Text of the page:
- Romans 1:18-32 is actually very important. It does not say, as we would expect it to, that the wrath of God is the angry and violent punishment of those who turn from him (to idolatry, in this case). It says that the wrath of God being revealed is that “he gave them over” to their sins and God-rejecting ways — v.24, 26, and 28. The conclusion is: “He gave them over to a reprobate mind”, and not violent destruction.

Romans 2 warns of trouble to come as a day of wrath, but “of God” has dropped out. “Wrath of God” as a phrase is only used once in Romans, and the considerable revision of its meaning might make us pause before jumping to conclusions about “wrath” in subsequent uses.

As an example of jumping to conclusions„ the NIV has “God’s wrath” in Romans 2:5, but the Greek text has “store up wrath in a day of wrath and revelation of righteous judgment of God”, not “God’s wrath”. The only other uses of “wrath of God” in the NT are Ephesians 5:6 (echoed in Colossians 3:6), and Revelation 19:15. Revelation 6:6 has “the wrath of the Lamb”, and just imagine an angry lamb. Revelation is written by the conventions of apocalyptic, so again we need to pause before overhasty reading of it as literal description and prophecy. This does not mean, of course, that there is nothing else in the NT which associates “wrath” with God.  

- I do think that “God removing his arm of protection (or turning his back) was viewed as synonymous with God striking his people” in the OT. That does not mean that it was synonymous, or that in the light of Jesus especially (Luke 6:35-36 etc), we should still view God that way.

However, another NT character also demonstrates wrath. “But woe to the earth and sea, because the devil has gone down to you. He is filled with fury, because he knows his time is short” — Revelation 12:12 (thumos, which is a variant of orgē for “wrath” in reference to God). The operation of this character in relation to the story of God’s purposes should not be underestimated. Would you believe it that the word used of Paul’s delivering the immoral brother to Satan in 1 Corinthians is paradidōmi, and the same word is used to describe the working of the wrath of God as “giving over” in the Romans 1passage, vss. 24, 26 and 28. It’s worth asking, in the light of the NT, and on a national level, whether the violence and suffering of “wrath” is actually God, or God handing people over to the violence of Satan.

It would anyway be a convenient shortcut to say, as you do, that 

Giving them over to their depraved minds was not the endgame. It was how they abused the freedom God gave them, which would result in God’s wrath being poured out on them.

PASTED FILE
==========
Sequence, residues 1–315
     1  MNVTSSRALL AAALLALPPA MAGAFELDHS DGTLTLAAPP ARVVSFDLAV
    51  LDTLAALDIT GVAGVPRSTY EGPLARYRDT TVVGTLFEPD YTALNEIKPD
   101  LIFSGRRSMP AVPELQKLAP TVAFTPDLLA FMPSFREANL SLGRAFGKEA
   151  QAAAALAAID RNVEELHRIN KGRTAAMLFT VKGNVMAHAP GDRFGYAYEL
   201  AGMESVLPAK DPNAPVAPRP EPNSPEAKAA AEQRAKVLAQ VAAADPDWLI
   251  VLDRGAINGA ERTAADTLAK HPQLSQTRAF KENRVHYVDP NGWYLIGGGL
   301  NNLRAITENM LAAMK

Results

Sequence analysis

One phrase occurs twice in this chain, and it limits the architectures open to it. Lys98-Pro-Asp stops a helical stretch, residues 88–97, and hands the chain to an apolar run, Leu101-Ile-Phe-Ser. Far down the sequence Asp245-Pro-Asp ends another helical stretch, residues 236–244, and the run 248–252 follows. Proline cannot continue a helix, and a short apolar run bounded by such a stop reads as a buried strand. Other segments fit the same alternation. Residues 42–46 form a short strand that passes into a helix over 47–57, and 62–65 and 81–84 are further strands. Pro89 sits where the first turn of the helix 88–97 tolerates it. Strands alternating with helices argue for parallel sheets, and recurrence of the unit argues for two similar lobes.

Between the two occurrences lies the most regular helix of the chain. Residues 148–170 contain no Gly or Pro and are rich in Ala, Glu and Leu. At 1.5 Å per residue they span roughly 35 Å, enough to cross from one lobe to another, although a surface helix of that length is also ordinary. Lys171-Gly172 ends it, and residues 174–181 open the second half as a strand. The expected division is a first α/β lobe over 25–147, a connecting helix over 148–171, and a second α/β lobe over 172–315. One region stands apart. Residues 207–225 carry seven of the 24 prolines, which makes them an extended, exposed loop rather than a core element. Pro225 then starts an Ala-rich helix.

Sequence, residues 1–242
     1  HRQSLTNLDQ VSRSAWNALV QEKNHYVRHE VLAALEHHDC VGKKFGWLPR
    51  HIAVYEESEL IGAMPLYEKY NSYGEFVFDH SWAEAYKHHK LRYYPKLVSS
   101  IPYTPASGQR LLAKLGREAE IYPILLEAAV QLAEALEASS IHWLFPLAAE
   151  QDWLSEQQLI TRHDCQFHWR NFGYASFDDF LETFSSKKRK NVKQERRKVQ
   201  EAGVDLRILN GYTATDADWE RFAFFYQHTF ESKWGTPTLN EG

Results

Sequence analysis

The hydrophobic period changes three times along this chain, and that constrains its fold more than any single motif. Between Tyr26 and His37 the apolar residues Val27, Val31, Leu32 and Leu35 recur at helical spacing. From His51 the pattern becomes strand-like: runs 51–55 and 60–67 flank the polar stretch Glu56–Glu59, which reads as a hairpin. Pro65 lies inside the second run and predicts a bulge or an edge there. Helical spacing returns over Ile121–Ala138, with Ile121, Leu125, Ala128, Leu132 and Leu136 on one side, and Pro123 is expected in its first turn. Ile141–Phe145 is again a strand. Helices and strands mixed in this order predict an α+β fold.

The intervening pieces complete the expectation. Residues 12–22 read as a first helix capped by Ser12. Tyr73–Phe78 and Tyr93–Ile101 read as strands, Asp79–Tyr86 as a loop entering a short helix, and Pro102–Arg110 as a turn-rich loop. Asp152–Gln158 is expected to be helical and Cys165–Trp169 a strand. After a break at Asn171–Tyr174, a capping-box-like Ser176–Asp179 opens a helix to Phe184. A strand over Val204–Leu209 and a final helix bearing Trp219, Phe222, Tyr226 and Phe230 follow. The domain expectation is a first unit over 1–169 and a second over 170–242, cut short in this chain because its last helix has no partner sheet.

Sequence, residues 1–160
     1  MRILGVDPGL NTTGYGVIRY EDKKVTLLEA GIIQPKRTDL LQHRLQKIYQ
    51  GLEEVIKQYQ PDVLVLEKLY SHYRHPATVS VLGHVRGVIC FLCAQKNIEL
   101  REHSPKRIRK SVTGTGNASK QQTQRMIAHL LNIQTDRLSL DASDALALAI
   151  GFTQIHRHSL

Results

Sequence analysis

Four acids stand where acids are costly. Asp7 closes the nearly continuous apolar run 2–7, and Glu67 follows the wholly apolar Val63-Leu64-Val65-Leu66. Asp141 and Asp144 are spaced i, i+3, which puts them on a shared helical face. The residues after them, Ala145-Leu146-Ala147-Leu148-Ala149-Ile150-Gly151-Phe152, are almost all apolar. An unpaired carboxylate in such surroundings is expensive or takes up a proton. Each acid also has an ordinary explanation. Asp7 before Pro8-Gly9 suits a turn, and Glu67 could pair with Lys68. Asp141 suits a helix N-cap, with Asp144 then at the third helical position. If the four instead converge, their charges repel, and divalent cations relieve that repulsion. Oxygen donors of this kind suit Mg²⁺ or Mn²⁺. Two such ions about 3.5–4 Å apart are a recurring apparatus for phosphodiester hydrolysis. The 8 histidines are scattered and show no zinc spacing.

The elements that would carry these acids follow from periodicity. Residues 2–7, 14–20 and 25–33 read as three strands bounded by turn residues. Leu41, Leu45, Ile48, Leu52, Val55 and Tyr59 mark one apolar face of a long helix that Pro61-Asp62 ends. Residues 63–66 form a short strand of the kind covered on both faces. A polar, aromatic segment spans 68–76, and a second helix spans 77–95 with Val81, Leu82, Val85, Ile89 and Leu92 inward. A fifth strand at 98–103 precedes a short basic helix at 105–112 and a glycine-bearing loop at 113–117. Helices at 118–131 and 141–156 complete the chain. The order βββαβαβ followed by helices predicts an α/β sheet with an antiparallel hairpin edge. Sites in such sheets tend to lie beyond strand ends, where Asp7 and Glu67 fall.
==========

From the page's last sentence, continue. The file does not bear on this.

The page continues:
The problem is that this isn’t exactly what Romans 1 or Romans 2 is saying, is it?

All for now. Odd about that first comment I submitted.

@peter wilkinson:

Peter, I’m just not seeing what you’re seeing (or you’re not seeing what I’m seeing).

Yes, Job questions the idea of God’s retributive justice and some of the psalmists would like to see more of it, but it is so strong of a theme throughout the rest of the OT that it seems foolish to me to argue this was not a predominate theme in Judaism expressing how God interacted with his people.

Of course parables are not to be taken literally, but they are to be taken, and when the parables of judgment are taken, I think they tell a consistent story of Yahweh’s punishment of the disobedient. You write:

“It would anyway be a convenient shortcut to say, as you do, that ‘Giving them over to their depraved minds was not the endgame. It was how they abused the freedom God gave them, which would result in God’s wrath being poured out on them.’ The problem is that this isn’t exactly what Romans 1 or Romans 2 is saying, is it?”

To which I would respond, somewhat incredulously, “Yes, I think that is exactly what it is saying!”

Again, I think you are trying to hard. If the text does not have the exact wording in the exact order, you won’t accept it.

I have enjoyed going back and forth on this but I suspect there’s little new either of us can add to this.   

@Peter Simmonds:

Well, there may be a little more. I think you conveniently (for you) leapfrog the actual meaning of Romans 1:18-32. No comment on the introduction of another master of wrathful destruction and the parallel between “giving over/up” by God and to him.

Nobody has been able to cite any statements by Jesus in the passages where he is addressing the issue directly (not parables or isolated sayings) that the Roman wars demonstrated God’s direct, angry, violent punishment of Israel. The silence is deafening.

I do both see and understand what you are saying, of both OT and NT. Let’s push the problem with God’s violent, angry punishment back further. Did God really sanction the annihilation of the ancient world, if not the entire globe, apart from Noah and his immediate family? Yes it’s what the narrative says, but are we to accept what it says about God? Or do we say it’s simply what people believed about God then, but it’s just a children’s story now? (Or is something else going on — maybe to do with the dark meaning behind Genesis 6:1-4?).

Did God really slaughter the firstborn of Egypt? The narrative seems uneasy about this, substituting the Destroyer for YHWH.

Did God really destroy Pharaoh and his army in the sea? Are we meant to sing along with Moses and Miriam about this?

Did God really tell the Israelites to commit genocide in Canaan? Did the conquest really take place as described in Joshua? Some weighty archaeological evidence strongly suggests not.